I recently took up a leadership role in my team and the first feedback I got from my boss was – “Understand when you have to stay silent and when you must speak”.
I was quite taken aback by this because I have always thought that I had been a good listener which others also acknowledge. So when was I not listening?
Well, when I probed more into it, I figured out that it was not that I wasn’t listening to people; I was given that feedback because I was always coming up with solutions myself. That was not giving enough opportunity to the team to think about the solutions. Maybe if I could give them a little more time and space and guidance – they would come up with the right solutions.
That made a complete sense to me.
Few days ago, I bought a new toy for my son which has blocks of different shapes and the player has to fit the shapes in the right groove – when that happens the toy makes a clapping sound. He does not know any shapes except for a circle (he is 1.5 years old). When I was playing with him, I realized that I had a strong urge to take his hand and put the shape in the right groove. It was so difficult for me to not to that. With continuous practice I learnt how to give away and not guide him every time but give him a chance to figure it out.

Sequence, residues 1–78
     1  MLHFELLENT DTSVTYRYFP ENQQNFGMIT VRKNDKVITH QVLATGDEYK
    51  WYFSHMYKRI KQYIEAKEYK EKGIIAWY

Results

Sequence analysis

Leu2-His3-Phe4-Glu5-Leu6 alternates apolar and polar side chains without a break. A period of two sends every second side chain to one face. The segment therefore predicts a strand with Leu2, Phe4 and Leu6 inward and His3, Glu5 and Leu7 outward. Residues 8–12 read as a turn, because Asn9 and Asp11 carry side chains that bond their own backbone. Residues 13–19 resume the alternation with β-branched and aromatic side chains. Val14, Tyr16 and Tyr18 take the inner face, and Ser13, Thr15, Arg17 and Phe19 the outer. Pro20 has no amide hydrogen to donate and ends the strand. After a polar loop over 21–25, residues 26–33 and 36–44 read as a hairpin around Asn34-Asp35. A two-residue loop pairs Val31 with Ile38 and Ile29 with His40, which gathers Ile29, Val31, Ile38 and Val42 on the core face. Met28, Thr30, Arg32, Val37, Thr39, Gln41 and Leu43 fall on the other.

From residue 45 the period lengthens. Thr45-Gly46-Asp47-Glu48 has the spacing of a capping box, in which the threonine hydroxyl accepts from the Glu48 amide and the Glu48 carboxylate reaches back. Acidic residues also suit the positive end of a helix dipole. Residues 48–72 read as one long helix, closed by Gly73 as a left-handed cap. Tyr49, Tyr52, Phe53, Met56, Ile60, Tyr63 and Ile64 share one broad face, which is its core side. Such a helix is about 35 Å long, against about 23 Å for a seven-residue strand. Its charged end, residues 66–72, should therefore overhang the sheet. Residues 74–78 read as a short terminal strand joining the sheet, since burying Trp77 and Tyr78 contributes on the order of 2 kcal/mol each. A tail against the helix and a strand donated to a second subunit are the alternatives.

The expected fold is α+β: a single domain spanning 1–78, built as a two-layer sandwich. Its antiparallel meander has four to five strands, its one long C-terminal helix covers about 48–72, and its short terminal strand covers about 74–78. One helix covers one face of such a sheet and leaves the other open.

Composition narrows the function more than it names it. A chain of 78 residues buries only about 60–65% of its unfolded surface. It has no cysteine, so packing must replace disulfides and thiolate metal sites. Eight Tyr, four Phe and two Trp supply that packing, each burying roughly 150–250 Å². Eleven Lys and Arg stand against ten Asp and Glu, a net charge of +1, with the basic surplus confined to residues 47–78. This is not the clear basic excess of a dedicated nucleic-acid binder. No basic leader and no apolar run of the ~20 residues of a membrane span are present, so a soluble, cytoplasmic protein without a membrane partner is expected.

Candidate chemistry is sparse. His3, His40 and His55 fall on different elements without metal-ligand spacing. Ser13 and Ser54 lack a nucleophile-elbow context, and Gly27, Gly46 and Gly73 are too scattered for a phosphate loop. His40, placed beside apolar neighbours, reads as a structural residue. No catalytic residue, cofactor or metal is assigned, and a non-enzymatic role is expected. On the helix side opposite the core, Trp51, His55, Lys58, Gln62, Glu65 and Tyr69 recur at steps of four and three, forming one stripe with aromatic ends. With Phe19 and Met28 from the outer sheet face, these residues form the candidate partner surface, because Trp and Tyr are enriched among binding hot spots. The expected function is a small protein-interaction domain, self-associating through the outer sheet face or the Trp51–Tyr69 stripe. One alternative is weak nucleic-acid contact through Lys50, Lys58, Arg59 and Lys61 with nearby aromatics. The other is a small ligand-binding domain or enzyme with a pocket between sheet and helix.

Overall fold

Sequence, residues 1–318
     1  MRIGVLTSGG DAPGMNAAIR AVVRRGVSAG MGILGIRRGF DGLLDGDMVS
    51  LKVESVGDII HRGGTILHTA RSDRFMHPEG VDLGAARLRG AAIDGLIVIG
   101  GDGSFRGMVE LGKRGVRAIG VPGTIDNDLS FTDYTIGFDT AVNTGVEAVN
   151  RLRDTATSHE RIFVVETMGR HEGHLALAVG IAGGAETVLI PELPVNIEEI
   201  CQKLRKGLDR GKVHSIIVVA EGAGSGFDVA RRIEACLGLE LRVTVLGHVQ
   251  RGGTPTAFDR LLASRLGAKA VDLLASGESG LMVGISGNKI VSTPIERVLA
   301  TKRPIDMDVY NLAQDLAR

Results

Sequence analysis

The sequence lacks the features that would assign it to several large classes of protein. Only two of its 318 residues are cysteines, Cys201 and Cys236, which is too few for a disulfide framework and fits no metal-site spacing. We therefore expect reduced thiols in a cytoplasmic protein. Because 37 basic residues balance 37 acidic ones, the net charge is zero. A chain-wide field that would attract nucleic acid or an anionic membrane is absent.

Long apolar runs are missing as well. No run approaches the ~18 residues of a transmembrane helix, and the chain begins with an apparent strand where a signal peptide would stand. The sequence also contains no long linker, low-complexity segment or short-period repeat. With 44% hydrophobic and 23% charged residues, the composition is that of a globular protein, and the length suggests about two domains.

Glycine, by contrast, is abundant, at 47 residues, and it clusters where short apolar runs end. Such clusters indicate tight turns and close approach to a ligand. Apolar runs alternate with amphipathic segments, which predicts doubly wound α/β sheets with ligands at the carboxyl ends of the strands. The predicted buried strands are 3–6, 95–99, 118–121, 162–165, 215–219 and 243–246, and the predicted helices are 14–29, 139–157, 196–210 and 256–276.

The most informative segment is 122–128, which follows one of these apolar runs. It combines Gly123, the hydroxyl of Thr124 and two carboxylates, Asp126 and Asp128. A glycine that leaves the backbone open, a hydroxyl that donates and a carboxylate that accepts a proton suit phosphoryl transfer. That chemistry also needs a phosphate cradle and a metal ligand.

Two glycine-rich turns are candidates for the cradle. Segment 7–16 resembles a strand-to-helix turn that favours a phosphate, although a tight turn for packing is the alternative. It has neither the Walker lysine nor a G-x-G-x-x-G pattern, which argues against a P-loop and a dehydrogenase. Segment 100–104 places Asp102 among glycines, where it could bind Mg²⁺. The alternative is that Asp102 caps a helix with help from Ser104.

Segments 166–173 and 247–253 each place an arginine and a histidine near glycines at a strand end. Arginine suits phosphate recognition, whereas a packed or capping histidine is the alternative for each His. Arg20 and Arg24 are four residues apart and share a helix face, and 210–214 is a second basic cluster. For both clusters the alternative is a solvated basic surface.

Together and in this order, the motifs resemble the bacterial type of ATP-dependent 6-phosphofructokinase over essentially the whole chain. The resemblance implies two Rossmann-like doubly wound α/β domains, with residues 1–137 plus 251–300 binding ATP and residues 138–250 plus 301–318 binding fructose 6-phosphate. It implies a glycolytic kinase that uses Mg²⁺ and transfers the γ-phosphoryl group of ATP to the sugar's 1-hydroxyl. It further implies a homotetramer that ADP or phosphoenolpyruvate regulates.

Silence is important when you are a teacher, leader or guide. It gives an opportunity for the other person to understand and find out solutions on his own. So, be silent. What makes you a powerful leader is to know the difference between the opportunities that need your input and the opportunities that need your silence!